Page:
Difference between revisions of "Distributions"
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* [http://www.redhat.com/ Red Hat]
* [http://www.redhat.com/ Red Hat]
=== Ubuntu ===
[http://www.ubuntulinux.org/ Ubuntu] is debian-based and is
[http://www.ubuntulinux.org/ Ubuntu] is debian-based and is compareable to debian to amateur radio support.
Revision as of 18:07, 9 May 2006
The aggregation of a Linux kernel, other system software such as a boot loader and applications are called distributions Distributions differ in their philosophy such as being for free or commercial, the targeted audience, distribution medium, added value for example in form of software for installation and system maintenance and the way that support is handled. Another differenciating factor - and the reason for the existence of this page is the degree of support for amateur radio. This page is trying to give an overview.
Live CDs for one thing are meant for trying out things for Linux beginners as they usually don't change the existing system. They also are useful for testing to what degree a computer system is supported by Linux. Live CDs are usually for the i386 architecture and are frequently based on Knoppix (http://www.knopper.net/knoppix/) which against is rooted on Debian. Live CDs are interesting because some are optimized for amateur radio.
Debian is supporting 11 different hardware architectures and comes with a vast collection of amateur collection. Basically there are three version of Debian available:
- oldstable (aka Woody) http://packages.debian.org/oldstable/hamradio/
for the predecessor of Sarge security updates will be available until at least May 2006. For new installations generally Sarge is recommended.
- stable (aka Sarge) http://packages.debian.org/stable/hamradio/
The current and recommended Debian release. It consists of sofware which is considered stable and well tested and receives updates for usage and security critical problems. 2.4 and 2.6 kernel can be choosen during installation.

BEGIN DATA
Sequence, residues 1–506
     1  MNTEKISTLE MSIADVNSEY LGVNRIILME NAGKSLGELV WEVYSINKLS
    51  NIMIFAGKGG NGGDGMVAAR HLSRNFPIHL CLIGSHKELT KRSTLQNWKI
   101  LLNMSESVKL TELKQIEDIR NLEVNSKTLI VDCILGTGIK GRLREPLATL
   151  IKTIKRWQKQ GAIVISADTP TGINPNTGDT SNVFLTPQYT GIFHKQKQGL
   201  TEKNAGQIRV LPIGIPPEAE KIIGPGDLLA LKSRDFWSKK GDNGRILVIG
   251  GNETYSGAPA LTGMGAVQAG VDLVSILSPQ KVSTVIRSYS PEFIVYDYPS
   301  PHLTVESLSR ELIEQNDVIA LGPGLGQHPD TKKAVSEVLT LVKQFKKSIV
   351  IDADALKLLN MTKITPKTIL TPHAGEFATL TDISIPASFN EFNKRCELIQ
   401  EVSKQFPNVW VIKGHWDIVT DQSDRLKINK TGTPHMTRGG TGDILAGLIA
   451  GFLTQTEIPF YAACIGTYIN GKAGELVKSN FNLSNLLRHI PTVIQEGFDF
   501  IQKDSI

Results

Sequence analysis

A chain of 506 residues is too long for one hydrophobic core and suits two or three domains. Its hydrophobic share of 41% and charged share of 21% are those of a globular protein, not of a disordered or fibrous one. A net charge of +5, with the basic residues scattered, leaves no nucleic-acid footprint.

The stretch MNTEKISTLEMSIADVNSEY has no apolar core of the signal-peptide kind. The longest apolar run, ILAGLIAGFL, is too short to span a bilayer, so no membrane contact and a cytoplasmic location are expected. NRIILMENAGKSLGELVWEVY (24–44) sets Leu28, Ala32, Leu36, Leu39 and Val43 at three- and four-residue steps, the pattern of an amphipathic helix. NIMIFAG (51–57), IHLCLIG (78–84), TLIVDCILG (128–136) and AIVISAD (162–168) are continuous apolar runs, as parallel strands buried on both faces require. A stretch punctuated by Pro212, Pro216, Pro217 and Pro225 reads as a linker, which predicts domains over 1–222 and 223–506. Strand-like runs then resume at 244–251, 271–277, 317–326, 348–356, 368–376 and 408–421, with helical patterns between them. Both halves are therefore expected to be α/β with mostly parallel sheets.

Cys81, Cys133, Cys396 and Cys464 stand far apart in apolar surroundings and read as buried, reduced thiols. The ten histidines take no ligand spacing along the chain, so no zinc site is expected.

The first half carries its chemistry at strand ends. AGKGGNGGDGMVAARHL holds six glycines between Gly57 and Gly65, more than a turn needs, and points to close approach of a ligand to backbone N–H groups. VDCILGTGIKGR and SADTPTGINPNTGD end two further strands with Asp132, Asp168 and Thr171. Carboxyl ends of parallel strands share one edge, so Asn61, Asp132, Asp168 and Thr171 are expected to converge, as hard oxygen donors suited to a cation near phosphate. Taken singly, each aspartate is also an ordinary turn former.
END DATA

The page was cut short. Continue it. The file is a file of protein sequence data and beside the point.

- testing (aka Etch) http://packages.debian.org/testing/hamradio/
contains software which is intended for the next stable Debian distribution. Usually works very without problems but isn't automatically updated in case of usage or security critical problems.
- unstable (aka Sid) http://packages.debian.org/unstable/hamradio/
contains new, not yet well tested programs and versions.
Mailing list: debian-hams
Novell-SuSE / openSUSE
Novell-SuSE doesn't activly support amateur radio software in its distribution any more. Despite that Novell-SuSE 9.3 and 10.0 i386 amateur radio software packages are getting maintained by JÃ¶rg, DL1BKE in his spare time. They can be installed through SuSE's system management tool YOU/YAST. All it takes for example for SuSE 9.3 is adding
as an installation source.
Upto SuSE 9.0 or 9.1 amateur radio applications were still shipping on all installation media. Later versions had them only on the DVD version. For SuSE Live CDs amateur radio software had to be installed from the internet.
SuSE has changed the "time base" in their kernels for SuSE 9.2 and 9.3 without fixing the timing for AX.25 under /proc/sys/net/ax25. Without change a connection attempt will timeout after 0.3s instead of 300s.
Mailing list: SuSE-ham - mostly german spoken on this list.
For further instructions e-mail the lists' robot firstname.lastname@example.org.
The PPC architecture is supported since openSUSE 10.0
Redhat / Fedora Core
None of the Redhat Linux rsp. Fedora Core distributions did every ship with amateur radio software. For packet radio even the kernel will have to be replaced with a kernel that has the necessary features built in since the distribution kernels don't come with AX.25 and the necessary drivers.
Ubuntu is debian-based and is therefore compareable to debian in respect to amateur radio support.
Live-CDs build for amateur radio support
AR-Knoppix current version is V3.7 dated January 2005 (based on Knoppix 3.7 from December 2004)
Hamshack-Hack is based on Knoppix, too. Release:????